The Domino Effect


A domino is a small rectangular wooden or plastic block, with one or more sides bearing markings resembling those on dice. Its value, often referred to as its rank or weight, is determined by the number of pips (or dots) on either end, with blank or empty ends having no values. Normally, a domino is twice as long as it is wide, but some games use larger or smaller sizes.

In addition to playing a game, the domino can be used to create art by arranging them into straight lines or curved ones, grids that form pictures when they fall, or 3D structures such as towers or pyramids. It is also used in educational activities to teach children the principles of geometry and proportion, as well as to illustrate mathematical concepts.

Dominoes are often referred to as bones, cards, men or pieces and they can be played by two or more players. The game originated in the mid-18th century and was brought to England by French prisoners of war. Today, the game is one of the world’s most popular family pastimes and there are countless variations to choose from.

A large part of the fun of a domino game is the interaction between the players. This is achieved by laying dominoes side to side so that their exposed ends match (one’s touch one’s, two’s touch two’s etc). The player then scores points by adding up the total of all the pips on the exposed ends of his or her remaining dominoes. Normally play stops when one player chips out, but there are variants where the game continues until it reaches a point at which no one can play their last domino. Then the winner is declared by the player whose combined total of spots on all their remaining dominoes is lowest.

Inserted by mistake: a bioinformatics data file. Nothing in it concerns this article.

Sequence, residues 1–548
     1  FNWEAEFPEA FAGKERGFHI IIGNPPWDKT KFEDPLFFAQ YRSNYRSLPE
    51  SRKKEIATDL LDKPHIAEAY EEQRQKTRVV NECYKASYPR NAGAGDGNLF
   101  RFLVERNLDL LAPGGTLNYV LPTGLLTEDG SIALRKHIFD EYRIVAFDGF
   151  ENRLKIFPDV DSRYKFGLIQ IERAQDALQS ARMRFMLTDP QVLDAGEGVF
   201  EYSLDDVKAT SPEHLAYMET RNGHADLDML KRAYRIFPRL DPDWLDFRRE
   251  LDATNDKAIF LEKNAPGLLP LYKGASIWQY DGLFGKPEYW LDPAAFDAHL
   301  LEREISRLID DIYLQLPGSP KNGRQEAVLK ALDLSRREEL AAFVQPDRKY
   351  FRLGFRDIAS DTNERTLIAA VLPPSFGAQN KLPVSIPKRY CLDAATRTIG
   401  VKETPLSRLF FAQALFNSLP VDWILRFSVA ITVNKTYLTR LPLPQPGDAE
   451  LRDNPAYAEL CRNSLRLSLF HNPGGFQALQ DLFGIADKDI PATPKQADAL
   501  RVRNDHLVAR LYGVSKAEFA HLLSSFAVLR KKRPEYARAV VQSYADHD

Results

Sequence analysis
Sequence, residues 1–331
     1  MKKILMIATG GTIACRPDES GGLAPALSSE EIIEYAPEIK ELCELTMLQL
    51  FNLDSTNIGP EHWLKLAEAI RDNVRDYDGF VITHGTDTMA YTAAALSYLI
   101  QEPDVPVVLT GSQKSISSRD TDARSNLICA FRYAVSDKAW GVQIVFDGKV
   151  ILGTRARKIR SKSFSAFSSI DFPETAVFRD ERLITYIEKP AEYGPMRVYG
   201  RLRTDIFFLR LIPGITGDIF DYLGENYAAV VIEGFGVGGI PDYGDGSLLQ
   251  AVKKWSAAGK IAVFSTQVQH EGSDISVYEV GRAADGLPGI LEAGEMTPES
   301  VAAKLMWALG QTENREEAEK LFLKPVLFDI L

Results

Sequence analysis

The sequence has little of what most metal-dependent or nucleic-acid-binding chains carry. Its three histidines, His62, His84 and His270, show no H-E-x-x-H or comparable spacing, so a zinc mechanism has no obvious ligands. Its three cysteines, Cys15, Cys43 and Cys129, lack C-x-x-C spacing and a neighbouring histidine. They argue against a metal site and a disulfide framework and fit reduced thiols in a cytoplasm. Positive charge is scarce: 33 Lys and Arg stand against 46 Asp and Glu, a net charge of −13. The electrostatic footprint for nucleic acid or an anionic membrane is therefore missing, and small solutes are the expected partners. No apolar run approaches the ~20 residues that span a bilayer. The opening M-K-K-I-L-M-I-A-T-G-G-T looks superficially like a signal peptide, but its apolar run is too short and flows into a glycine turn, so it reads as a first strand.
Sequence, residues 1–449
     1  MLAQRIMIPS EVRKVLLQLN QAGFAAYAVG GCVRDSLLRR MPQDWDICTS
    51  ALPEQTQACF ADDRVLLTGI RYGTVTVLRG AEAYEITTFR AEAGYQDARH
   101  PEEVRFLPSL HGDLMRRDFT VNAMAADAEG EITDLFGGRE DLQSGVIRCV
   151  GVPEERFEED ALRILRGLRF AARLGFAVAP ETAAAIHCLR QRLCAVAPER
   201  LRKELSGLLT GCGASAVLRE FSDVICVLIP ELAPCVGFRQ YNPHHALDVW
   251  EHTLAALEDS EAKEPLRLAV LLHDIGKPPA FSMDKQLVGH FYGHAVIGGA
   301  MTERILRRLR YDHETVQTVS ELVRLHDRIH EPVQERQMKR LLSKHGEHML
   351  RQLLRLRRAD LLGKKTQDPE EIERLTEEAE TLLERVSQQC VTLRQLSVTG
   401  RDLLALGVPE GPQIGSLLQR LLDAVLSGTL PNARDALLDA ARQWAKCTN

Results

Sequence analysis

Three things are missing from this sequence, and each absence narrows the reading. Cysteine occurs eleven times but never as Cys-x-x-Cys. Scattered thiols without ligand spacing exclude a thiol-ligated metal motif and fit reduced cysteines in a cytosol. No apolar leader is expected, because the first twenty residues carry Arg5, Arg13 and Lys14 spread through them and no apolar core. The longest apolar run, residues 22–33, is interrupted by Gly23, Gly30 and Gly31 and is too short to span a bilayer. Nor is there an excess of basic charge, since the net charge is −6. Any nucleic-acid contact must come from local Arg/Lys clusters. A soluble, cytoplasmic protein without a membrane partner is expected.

For some people, domino is not just a game but a metaphor for life. It is the way we handle setbacks and adversity that determines our success. This is why many business owners and executives use the Domino Effect as a leadership principle, and they encourage their employees to do the same.

When faced with a difficult situation, the leader of a company must look at it like a domino effect and decide what needs to be done to stop the chain reaction. This may include implementing new policies, hiring more staff or reorganizing existing ones.

It is important to prioritize tasks, as Schwab did at Bethlehem Steel. He ranked each task and then focused his attention on the highest priority item until it was completed. This allowed him to keep his momentum and move forward quickly. Similarly, you should treat each day as if it were a domino and work on your most important tasks first. Then, once they are done, you can focus on your next priorities. This will allow you to continue achieving your goals and reaching your full potential as an entrepreneur.